The spectrum of pediatric injuries sustained in snow sports

Snow sports are popular among children but carry the potential for significant injury. Head injuries are less common than fractures and sprains but may be fatal. Helmets are recommended for all snow sports, and yet their effectiveness remains unknown. We aimed to evaluate the spectrum of injuries sustained at three large alpine resorts and to assess the effect of helmet usage on injury severity.

We performed a retrospective analysis of prospectively collected pediatric trauma data (2005-2015) from the three largest alpine resorts in our state. Data were analyzed using Spearman's correlation, chi-square, and odds ratio.

A total of 6299 incidents were reviewed. Skiers accounted for 3821 (60.7%) patients, while snowboarders accounted for 2422 (38.5%) patients. More than half (53.5%) of the injuries were related to falls, predominantly affecting knees in skiers and wrists in snowboarders. Overall, helmet usage decreased with age (p<0.001), though helmet uptake was positively associated with higher level of ability in both skiers and snowboarders (p<0.001). Concussions in both skiers and snowboarders were inversely correlated with the rates of helmet usage (p<0.05).

Helmet usage was associated with reduced rates of concussion. However, helmet usage decreased with age. We advocate for promotion of helmet usage, using mandatory guidelines, across all pediatric age groups.

Level II - Retrospective study.

Journal of pediatric surgery. 2017 Sep 04 [Epub ahead of print]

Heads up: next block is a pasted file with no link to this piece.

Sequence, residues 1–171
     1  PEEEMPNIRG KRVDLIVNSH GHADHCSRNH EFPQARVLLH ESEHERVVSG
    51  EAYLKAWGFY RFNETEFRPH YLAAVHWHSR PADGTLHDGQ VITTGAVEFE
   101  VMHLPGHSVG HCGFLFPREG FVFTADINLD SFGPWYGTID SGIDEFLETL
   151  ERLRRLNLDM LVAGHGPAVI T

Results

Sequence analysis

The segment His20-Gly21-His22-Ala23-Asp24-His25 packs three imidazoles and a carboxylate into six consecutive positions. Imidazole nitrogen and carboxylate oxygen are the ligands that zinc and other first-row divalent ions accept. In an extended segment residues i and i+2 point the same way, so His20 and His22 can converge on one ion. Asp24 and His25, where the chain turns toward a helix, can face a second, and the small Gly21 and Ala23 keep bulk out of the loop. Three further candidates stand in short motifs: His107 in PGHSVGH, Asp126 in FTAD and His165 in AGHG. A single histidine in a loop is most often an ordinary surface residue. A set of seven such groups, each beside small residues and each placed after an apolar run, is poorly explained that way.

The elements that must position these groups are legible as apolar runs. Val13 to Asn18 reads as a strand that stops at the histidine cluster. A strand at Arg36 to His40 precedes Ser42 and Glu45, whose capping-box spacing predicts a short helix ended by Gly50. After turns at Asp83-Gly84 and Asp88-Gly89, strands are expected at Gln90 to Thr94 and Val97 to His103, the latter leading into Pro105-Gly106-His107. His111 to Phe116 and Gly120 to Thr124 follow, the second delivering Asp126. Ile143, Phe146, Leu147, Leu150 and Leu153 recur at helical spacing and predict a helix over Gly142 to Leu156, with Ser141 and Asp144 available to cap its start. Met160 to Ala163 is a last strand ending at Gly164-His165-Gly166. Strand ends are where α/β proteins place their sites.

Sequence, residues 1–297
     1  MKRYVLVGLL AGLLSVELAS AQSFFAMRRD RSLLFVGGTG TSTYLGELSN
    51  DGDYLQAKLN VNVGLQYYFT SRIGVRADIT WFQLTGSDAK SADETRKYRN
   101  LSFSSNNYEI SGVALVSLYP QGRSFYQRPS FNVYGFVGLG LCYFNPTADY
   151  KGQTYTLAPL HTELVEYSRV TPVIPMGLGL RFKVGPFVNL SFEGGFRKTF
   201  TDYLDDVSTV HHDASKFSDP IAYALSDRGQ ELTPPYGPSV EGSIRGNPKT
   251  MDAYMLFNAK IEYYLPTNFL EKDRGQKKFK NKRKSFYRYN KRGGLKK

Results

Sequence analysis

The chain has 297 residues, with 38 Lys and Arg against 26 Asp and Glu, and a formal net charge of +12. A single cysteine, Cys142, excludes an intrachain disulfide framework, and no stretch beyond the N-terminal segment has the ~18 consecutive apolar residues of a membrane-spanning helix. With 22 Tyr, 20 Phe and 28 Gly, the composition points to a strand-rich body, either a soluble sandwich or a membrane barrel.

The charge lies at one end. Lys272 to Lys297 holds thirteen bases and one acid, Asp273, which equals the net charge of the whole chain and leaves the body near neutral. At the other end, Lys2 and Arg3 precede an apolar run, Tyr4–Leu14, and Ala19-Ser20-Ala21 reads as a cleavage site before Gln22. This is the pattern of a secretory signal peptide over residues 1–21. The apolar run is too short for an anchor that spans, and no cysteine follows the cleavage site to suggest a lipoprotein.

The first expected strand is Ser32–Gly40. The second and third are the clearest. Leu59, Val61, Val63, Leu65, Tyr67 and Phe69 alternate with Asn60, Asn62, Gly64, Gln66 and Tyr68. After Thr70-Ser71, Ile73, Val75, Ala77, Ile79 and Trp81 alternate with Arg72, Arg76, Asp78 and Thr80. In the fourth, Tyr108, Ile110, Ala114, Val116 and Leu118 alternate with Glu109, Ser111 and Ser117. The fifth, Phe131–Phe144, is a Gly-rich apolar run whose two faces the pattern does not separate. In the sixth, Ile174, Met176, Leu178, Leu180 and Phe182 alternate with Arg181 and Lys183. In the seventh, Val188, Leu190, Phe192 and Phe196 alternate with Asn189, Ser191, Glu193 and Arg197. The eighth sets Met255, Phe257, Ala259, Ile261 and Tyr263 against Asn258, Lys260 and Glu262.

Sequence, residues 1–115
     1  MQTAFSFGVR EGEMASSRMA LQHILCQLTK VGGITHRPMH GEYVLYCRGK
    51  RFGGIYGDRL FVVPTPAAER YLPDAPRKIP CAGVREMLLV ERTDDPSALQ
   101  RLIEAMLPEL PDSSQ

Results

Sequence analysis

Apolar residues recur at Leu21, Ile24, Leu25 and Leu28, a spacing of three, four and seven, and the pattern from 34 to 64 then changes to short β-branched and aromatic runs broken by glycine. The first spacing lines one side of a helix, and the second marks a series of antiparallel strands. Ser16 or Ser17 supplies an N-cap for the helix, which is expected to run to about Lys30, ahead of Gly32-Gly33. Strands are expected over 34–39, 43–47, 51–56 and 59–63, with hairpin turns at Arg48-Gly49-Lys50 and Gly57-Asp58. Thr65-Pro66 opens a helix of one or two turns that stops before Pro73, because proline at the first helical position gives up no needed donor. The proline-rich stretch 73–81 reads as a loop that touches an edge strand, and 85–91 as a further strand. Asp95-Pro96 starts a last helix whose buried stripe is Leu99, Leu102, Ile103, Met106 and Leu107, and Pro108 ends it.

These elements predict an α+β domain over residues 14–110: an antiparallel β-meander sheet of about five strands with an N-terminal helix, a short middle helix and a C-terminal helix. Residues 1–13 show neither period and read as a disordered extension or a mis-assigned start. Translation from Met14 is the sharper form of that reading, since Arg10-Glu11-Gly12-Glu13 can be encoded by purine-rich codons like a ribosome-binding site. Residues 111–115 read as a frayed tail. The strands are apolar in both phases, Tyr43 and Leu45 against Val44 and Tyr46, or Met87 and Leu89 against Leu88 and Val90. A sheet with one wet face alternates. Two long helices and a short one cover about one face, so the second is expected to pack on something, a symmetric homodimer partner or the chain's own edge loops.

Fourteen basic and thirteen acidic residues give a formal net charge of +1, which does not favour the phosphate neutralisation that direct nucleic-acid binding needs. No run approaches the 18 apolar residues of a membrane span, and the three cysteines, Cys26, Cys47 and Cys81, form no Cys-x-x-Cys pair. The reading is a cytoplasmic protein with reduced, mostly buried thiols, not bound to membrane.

Zara Summers, Warwick J Teague, John M Hutson, Cameron S Palmer, Helen E Jowett, Sebastian K King

Department of Paediatrics, The University of Melbourne, Melbourne, Australia; F. Douglas Stephens Surgical Research Group, Murdoch Children's Research Institute, Melbourne, Australia., Department of Paediatrics, The University of Melbourne, Melbourne, Australia; F. Douglas Stephens Surgical Research Group, Murdoch Children's Research Institute, Melbourne, Australia; Department of Paediatric Surgery, The Royal Children's Hospital, Melbourne, Australia; Trauma Service, The Royal Children's Hospital, Melbourne, Australia., Department of Paediatrics, The University of Melbourne, Melbourne, Australia; F. Douglas Stephens Surgical Research Group, Murdoch Children's Research Institute, Melbourne, Australia; Department of Urology, The Royal Children's Hospital, Melbourne, Australia., Trauma Service, The Royal Children's Hospital, Melbourne, Australia; Department of Epidemiology and Preventive Medicine, Monash University, Melbourne, Australia., Trauma Service, The Royal Children's Hospital, Melbourne, Australia., Department of Paediatrics, The University of Melbourne, Melbourne, Australia; F. Douglas Stephens Surgical Research Group, Murdoch Children's Research Institute, Melbourne, Australia; Department of Paediatric Surgery, The Royal Children's Hospital, Melbourne, Australia; Department of Gastroenterology and Clinical Nutrition, The Royal Children's Hospital, Melbourne, Australia. Electronic address: .

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